Extra digit poly toes can look normal from the front.
To have a better understanding of the pads placements X-rays are a useful tool if a clear visual image is unable to be properly verified.
A common problem with "bad polygenes" is the issue with the claw being directionally incorrect or placement incorrect causing surgery to resolve the issue and relieve pain.
Syndactyly (hypodactyly) or split-foot is the opposite of polydactyly.
Syndactyly and Ectrodactyly are visually similar. Ectrodactyly is the "lobster claw" defect where the paw is split longitudinally, most commonly between the first and second toes.
One of the more rare forms of Poly that has not been seen on camera or documented in quite sometimes. However dismissing the possibility of the gene causing such a mutation would be a silly thing to do at this time.
The exception is the gene which causes a whole spectrum of effects ranging from extra toes through to radial hypolasia/radial hemimelia/radial agenesis (the "thalidomide" or "twisty" mutation). This is the gene which causes a condition known as triphalangeal pollex-radial hypoplasia. In mice, there are several gene mutations known to cause this form of polydactylism; unlike conventional "thumb cat" polydactyly, the mutations seem to cause more general disruption of limb formation in an embryo.
Some owners like to have the extra toe removed for cosmetic or safety reasons.
The extra toe(s) can sometimes catch on furnishings. If the claw is set in such a way that it snags on furnishings etc, it can tear and infection can set in. Nail-bed infections or nail bed damage can lead to abnormal claw growth e.g. thickening or twisting. Where the toes are cramped together, the skin between them should be checked for infection as it provides a handy undisturbed crevice for bacteria. In general, the cat's own cleaning routine should prevent this, but if the toes cannot be spread then its tongue cannot easily clean between them.
n rare cases, nail growth can be affected, but only if the extra toe is incompletely formed and the nail bed is deformed. This can lead to a number of claw problems such as ingrowing claws, overgrown claws or "superclaw syndrome".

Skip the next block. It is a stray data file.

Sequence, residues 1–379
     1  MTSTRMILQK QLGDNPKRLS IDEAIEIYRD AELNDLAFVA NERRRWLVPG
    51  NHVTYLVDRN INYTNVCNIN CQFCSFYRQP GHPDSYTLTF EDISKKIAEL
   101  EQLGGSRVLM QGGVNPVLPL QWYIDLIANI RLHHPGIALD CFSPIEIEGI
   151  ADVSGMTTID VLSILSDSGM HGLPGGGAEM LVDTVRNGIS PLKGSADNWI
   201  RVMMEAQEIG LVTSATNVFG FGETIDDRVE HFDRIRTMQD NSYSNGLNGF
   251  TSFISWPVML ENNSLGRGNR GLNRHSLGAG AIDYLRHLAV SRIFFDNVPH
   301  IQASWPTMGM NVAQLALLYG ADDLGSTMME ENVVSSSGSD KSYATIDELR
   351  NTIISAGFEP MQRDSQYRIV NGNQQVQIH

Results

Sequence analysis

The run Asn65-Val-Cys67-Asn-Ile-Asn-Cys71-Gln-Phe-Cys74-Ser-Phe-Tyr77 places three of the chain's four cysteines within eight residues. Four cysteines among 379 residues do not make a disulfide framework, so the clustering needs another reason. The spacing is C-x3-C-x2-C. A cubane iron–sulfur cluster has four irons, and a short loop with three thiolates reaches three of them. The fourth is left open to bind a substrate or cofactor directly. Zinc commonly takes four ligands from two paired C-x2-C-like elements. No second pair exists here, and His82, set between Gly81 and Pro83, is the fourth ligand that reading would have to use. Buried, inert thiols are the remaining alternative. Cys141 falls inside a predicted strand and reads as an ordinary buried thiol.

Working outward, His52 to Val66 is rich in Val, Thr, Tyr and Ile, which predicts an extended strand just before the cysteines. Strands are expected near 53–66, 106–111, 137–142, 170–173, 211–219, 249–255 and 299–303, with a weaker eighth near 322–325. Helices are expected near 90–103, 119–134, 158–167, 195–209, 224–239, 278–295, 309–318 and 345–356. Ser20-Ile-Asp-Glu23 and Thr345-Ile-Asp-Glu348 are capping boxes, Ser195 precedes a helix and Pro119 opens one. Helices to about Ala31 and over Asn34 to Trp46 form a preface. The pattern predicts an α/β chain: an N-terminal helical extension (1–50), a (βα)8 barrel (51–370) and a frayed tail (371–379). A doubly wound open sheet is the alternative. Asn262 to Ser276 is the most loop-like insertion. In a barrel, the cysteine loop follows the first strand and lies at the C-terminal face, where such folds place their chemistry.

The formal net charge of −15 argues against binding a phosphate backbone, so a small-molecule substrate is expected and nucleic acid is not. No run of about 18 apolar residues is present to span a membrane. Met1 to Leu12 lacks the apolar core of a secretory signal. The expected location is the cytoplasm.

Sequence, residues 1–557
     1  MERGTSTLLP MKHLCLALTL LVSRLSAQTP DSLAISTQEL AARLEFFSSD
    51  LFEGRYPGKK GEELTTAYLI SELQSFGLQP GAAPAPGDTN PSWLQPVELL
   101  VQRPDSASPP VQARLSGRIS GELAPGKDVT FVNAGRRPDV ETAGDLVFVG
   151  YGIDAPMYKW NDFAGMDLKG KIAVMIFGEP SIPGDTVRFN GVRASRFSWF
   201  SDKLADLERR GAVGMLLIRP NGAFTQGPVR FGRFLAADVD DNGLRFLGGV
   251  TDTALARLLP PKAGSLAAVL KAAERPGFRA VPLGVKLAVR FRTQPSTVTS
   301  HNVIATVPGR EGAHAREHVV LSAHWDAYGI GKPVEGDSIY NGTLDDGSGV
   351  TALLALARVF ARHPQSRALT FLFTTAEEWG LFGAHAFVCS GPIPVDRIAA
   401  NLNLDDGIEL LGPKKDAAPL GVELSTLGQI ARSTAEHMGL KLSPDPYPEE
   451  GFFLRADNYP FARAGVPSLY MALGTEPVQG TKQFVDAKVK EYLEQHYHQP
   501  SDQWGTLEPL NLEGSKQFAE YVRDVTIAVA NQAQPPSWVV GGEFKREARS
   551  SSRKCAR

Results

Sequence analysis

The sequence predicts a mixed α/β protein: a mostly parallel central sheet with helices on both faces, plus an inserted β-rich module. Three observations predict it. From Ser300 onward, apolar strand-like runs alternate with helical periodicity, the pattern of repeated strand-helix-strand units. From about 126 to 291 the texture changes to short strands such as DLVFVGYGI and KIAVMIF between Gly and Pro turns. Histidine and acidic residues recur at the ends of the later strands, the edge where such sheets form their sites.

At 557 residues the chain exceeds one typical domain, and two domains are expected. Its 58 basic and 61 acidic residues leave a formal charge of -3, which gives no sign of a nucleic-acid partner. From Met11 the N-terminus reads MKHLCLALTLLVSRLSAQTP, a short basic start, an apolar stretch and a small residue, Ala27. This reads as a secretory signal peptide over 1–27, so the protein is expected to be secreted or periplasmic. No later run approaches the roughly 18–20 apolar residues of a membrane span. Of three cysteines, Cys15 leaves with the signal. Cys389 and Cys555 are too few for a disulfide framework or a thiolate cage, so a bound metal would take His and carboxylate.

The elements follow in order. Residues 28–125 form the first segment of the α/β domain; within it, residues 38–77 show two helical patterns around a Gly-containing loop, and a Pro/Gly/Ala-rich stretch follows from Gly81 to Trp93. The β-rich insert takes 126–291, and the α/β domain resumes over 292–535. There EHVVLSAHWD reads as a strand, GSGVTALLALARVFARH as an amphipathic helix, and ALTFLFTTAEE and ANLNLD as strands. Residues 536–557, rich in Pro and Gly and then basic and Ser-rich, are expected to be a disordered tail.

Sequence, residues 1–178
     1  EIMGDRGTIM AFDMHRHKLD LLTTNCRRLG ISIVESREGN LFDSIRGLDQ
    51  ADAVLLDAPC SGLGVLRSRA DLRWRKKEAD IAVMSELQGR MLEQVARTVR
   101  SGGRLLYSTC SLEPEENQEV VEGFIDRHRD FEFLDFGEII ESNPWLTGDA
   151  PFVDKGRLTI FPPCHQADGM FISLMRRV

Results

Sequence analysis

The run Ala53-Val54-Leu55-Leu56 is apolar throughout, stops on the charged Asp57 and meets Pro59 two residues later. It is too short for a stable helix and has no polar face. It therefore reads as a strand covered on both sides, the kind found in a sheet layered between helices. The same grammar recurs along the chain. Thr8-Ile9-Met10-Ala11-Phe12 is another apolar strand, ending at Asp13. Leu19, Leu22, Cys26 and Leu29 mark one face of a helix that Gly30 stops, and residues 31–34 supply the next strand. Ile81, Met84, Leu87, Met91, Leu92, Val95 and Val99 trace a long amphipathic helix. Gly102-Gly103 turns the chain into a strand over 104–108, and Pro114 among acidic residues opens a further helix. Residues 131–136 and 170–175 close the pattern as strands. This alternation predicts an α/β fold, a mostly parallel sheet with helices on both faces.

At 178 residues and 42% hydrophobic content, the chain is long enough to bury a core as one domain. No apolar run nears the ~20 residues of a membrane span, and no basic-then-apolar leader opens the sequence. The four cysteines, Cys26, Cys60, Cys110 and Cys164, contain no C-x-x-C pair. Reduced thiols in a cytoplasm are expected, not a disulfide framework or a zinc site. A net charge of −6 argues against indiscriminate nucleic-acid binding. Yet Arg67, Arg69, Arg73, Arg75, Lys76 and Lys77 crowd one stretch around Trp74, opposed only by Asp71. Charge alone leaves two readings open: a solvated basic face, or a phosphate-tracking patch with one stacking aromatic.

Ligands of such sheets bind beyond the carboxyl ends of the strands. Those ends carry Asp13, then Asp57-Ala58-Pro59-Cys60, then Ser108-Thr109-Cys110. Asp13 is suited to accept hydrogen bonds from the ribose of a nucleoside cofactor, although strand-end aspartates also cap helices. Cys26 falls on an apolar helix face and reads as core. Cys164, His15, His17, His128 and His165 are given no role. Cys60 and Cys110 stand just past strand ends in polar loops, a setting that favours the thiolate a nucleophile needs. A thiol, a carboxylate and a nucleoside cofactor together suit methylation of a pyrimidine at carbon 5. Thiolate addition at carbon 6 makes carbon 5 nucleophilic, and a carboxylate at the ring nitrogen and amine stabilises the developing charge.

Ingrown claws grow twisted or crooked instead of growing straight with a smooth downward curve. Ingrown claws can grow into the paw pad and need either more frequent clipping or surgical removal. In the UK, such problem claws are the only time when declawing (of the affected toes only) is permitted. Ingrowing dewclaws can also occur in non-polydactyl cats where the claw grows into side of the foot.
Sometimes a claw develops between the thumb and the rest of the paw
Overgrown claws are not restricted to polydactyl cats, but are more common in polydactyls because the extra toe is often shorter than the regular toes or it points in a slightly different directions. This means that the cat is unable to strop the extra claws on a scratching post. Unless clipped regularly, the claw can become overgrown and embed themselves in the paw pad.
The pollex (plural: pollices) is the thumb.
The plantar pad is the heel pad of the paw.
The palmar pad is the palm-pad of the paw.
This absolutely stunning photo is of one of my dearest friends who herself is a breeder of MANY years. Her scientific breakthroughs in pulling recessive genes out of the Maine Coon line have been absolutely wonderful and we look forward to providing amazing scientific advancements and research for future cures and progress. Please check out her website and facebook!
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